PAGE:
The choice of what type of anesthesia to use for surgery is a critical component of the surgical experience and should be thoroughly reviewed by the patient and surgeon.  The goal is to make the procedure as comfortable as possible while doing it in a way to assure the best possible outcome.  This decision is easy when surgery can performed without the need for any patient cooperation.  This is true of most plastic surgical procedures (but not all eyelid procedures).  In this instance the surgery can be performed under general anesthesia.  This is the deepest level of sedation that is used and requires assistance with supplying oxygen (which we need for nourishment) to our body and with ventilation (getting oxygen into the lungs).  Under general anesthesia, oxygenation and ventilation are assured with a device placed into the back of out throat or pharynx (a laryngeal masked airway or LMA) or into the windpipe or trachea (an endotracheal tube or ET tube).  When surgery is performed this way patients typically know nothing, feel nothing and often awake with no recollection of the procedure.  This is why patients typically prefer general anesthesia.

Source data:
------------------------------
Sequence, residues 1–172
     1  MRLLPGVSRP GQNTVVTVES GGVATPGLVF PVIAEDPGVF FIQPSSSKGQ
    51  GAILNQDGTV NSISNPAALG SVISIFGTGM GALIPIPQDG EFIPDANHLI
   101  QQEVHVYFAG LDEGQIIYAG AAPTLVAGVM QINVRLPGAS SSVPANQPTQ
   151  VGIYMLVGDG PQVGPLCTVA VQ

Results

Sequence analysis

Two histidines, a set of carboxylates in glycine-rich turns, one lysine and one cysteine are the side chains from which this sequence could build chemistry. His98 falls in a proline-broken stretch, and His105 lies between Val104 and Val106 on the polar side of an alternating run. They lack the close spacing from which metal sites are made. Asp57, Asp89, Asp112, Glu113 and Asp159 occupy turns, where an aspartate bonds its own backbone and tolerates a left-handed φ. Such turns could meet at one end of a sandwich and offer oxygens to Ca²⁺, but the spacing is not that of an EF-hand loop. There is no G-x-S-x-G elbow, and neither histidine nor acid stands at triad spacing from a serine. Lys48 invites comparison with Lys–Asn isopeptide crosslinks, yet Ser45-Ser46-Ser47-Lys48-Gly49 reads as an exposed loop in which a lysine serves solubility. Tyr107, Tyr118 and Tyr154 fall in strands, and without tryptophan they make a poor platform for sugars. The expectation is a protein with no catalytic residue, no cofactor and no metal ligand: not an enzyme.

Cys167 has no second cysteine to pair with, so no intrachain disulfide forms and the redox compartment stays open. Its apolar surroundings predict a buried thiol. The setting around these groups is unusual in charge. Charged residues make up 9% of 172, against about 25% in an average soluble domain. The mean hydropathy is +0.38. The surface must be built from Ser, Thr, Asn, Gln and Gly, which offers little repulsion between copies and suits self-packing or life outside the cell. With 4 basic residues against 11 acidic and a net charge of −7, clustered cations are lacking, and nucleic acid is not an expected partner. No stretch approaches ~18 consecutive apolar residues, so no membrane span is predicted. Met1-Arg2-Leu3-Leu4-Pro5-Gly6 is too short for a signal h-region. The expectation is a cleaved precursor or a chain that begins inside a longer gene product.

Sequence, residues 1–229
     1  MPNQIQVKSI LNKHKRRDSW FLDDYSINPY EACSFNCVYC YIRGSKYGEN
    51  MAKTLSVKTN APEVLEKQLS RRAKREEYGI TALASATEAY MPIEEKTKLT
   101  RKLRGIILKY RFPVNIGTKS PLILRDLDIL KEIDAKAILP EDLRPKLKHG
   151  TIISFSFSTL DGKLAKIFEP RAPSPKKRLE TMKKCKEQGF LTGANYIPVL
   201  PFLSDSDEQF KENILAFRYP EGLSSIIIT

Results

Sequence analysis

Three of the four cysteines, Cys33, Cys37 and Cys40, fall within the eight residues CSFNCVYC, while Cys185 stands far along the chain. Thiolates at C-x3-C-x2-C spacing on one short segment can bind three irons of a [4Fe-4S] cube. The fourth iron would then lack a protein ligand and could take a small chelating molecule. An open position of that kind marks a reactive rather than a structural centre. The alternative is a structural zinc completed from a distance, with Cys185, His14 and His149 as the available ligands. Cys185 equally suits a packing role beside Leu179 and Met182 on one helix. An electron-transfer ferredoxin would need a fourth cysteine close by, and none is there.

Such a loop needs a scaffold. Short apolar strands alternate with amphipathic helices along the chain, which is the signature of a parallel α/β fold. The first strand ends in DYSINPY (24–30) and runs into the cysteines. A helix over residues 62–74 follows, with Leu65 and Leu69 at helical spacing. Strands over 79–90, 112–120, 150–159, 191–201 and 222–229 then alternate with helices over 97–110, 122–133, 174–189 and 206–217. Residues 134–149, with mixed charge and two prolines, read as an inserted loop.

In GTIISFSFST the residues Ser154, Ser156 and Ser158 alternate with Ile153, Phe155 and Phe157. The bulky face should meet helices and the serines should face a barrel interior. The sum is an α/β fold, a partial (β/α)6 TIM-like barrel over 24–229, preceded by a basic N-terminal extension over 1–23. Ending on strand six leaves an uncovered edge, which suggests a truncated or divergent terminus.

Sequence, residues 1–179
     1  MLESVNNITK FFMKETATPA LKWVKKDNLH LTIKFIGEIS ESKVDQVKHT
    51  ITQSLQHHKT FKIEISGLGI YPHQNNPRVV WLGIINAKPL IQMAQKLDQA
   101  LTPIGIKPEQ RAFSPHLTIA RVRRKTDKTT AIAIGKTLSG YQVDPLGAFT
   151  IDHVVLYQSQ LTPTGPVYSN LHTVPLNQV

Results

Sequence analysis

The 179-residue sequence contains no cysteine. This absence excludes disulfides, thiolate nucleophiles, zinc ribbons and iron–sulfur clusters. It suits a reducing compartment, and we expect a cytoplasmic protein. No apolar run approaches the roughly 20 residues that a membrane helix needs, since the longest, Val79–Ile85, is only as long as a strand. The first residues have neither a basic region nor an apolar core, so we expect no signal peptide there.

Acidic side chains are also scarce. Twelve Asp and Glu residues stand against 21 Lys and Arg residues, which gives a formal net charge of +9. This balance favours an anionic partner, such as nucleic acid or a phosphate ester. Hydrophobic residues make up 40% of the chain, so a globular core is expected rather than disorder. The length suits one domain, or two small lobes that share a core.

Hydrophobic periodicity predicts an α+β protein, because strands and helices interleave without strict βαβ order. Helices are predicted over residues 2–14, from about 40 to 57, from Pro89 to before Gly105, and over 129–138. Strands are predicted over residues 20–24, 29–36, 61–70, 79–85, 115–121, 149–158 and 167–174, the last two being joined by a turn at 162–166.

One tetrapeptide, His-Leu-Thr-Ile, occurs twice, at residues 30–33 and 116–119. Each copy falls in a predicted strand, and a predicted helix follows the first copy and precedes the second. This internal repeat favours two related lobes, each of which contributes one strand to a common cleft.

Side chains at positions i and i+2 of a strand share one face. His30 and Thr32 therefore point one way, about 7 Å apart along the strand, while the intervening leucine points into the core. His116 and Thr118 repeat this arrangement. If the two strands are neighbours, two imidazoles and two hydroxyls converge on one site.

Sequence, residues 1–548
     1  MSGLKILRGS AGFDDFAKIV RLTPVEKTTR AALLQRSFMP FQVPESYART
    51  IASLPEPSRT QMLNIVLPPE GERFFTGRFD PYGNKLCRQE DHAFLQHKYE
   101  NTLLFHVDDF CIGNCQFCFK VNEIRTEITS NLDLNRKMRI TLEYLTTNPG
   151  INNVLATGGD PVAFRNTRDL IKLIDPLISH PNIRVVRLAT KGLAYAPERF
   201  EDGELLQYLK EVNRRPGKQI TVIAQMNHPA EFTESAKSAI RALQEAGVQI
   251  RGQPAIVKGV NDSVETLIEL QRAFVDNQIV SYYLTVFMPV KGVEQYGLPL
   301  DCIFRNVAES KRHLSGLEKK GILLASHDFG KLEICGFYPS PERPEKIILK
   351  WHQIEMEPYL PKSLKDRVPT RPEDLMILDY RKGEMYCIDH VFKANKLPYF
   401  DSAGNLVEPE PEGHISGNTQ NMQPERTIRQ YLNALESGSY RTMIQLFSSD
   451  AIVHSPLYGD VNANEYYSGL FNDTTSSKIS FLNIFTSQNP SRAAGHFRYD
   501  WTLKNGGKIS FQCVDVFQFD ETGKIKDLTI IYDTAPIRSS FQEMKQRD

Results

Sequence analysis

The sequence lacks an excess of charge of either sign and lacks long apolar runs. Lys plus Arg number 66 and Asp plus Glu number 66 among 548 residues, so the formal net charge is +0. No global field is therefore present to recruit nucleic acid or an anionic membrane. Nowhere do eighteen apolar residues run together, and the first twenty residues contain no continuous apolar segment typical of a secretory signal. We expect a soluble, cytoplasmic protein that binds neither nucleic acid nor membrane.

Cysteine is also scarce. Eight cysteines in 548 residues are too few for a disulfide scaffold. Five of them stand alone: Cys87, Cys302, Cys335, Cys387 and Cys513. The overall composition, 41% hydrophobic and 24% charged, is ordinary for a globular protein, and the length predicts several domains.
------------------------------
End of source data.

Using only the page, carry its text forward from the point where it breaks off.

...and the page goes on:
The downside to general anesthesia is the recovery.  It is often associated with a slow awakening, feeling groggy and sluggish for hours, and sometimes nausea, chills and a sore throat.  Most of these symptoms resolve within a few hours.  However, some, such as nausea, can last for a day or so.  As a result of these side effects, other, less sedating (fewer drugs given) forms of anesthesia can also be used.  These methods include conscious sedation and local anesthesia.  I will review each technique in blogs over the next two days.